Clean energy is on the radar, but it’s not enough to use green energy from renewable sources, it’s also vital that the power conversion is electrically efficient. Here, Steve Hughes, managing director of power quality specialist REO UK, explains how parts such as braking resistors and power filters can make clean energy truly clean.

Over the last two decades, renewable energy has moved from a nice-to-have but fringe and often commercially unfeasible source of power, to a necessity enshrined by national commitments across the world. While wind is still dominant, accounting for 24 per cent of total electricity generation in 2020 according to the Office for National Statistics, the likes of wave and tidal, and various forms of microgeneration are also growing in demand.

However, the increasing complexity of renewable technologies can be the source of many power quality problems – stemming from the power conversion process itself.

According to research published by the journal Energies, in variable speed wind turbines that use doubly-fed induction generators (DFIGs), “The power electronic converter, which supplies the rotor winding, accounts for 30 per cent of the total rated power. The stator winding of the DFIG is typically connected directly to the grid, and the rotor and the stator of the turbine generator can be inexpensive sources of transients.”

These transients can damage sensitive electronics, leading to reduced component life and unscheduled downtime. However, they’re not the only problem. Other power quality problems include overgeneration resulting in excess energy. This can arise in situations, for example, where a wind turbine is too slow to change the yaw and pitch of the nacelle and blades in response to changes in wind velocity or in the time it takes for the mechanical braking system to bring the blades to a stop. Like transients, this overgeneration can overload sensitive electronics and cause lasting damage.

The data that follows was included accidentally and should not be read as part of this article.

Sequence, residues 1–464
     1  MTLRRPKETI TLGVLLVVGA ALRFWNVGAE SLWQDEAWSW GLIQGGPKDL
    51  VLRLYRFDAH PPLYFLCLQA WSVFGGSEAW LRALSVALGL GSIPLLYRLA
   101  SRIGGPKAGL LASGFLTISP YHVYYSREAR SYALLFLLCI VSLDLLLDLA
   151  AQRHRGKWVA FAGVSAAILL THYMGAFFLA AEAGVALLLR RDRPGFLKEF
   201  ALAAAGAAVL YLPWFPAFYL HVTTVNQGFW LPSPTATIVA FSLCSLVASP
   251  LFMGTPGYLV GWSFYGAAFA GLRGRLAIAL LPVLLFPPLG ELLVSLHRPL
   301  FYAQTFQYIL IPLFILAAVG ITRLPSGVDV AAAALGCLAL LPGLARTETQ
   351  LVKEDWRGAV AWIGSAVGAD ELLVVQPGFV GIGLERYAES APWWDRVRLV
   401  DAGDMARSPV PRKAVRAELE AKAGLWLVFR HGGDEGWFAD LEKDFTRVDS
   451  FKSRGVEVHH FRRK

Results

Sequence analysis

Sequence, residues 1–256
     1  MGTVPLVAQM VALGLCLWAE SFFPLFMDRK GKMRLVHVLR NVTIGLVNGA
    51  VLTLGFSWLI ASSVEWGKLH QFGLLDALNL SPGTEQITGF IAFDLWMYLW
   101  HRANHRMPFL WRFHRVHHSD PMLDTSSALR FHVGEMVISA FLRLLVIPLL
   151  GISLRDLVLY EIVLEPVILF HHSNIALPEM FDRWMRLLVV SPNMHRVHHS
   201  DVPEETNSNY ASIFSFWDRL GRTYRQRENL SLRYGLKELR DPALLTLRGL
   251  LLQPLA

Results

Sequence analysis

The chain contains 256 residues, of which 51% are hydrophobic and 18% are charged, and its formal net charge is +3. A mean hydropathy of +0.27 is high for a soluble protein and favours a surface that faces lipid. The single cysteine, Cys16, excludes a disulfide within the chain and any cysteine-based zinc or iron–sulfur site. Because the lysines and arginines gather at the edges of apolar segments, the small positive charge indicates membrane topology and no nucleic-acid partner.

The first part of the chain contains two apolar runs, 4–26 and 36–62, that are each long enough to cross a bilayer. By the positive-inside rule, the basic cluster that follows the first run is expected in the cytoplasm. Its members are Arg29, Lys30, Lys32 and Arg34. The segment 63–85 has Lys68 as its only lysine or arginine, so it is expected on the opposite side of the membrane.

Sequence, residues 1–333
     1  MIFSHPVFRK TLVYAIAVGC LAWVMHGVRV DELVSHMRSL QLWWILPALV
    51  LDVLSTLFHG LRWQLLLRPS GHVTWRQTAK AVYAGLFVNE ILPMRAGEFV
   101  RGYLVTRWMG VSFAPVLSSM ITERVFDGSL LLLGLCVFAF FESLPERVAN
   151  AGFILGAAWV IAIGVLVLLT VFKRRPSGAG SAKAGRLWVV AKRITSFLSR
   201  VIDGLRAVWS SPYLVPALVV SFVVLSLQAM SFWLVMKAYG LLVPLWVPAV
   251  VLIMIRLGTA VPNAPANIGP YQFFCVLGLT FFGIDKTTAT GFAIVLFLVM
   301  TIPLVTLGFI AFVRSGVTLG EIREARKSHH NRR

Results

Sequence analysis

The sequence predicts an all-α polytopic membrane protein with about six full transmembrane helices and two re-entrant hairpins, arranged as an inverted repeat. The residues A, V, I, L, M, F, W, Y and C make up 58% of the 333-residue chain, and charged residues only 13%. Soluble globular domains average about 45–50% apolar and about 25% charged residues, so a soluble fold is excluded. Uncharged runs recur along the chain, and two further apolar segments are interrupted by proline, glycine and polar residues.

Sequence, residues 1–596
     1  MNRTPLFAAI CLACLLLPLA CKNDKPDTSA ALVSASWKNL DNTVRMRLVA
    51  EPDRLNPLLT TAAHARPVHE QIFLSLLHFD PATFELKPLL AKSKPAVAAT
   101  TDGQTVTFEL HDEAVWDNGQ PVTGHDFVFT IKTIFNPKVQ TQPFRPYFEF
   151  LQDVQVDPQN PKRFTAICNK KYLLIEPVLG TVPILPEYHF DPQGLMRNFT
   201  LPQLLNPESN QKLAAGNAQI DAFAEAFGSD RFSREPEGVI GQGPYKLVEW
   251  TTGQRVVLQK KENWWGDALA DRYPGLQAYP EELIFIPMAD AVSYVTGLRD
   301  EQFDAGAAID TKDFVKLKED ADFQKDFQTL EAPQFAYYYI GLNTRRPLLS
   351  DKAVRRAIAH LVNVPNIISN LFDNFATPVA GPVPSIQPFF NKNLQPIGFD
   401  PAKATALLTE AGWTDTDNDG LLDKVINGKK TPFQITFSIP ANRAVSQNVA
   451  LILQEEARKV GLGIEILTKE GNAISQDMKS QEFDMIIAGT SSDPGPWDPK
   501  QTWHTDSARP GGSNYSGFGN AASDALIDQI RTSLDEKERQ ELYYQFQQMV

So how do we clean up power quality problems in our clean energy systems? When designing wind applications, engineers must consider a variety of components that tackle power quality problems in everything from the yaw-drive and pitch-control system to the generator inverter and mains connection – and even the service crane or gondola that transports heavy loads to the nacelle.

These components include EMC filters designed to supress high-current interference, braking resistors designed to dissipate overgeneration as thermal or heat energy and other components such as line chokes and output chokes. REO has created a dedicated brochure for wind power generation components for onshore and offshore applications, which can be downloaded from the REO website.

While clean energy is on the radar, as a greater proportion of our energy now comes from renewable sources, it’s important that these technologies become more electrically efficient and more commercially viable, so that we can harness the most from them.

To find out more about power quality components for wind applications and to download the brochure, visit the REO UK website.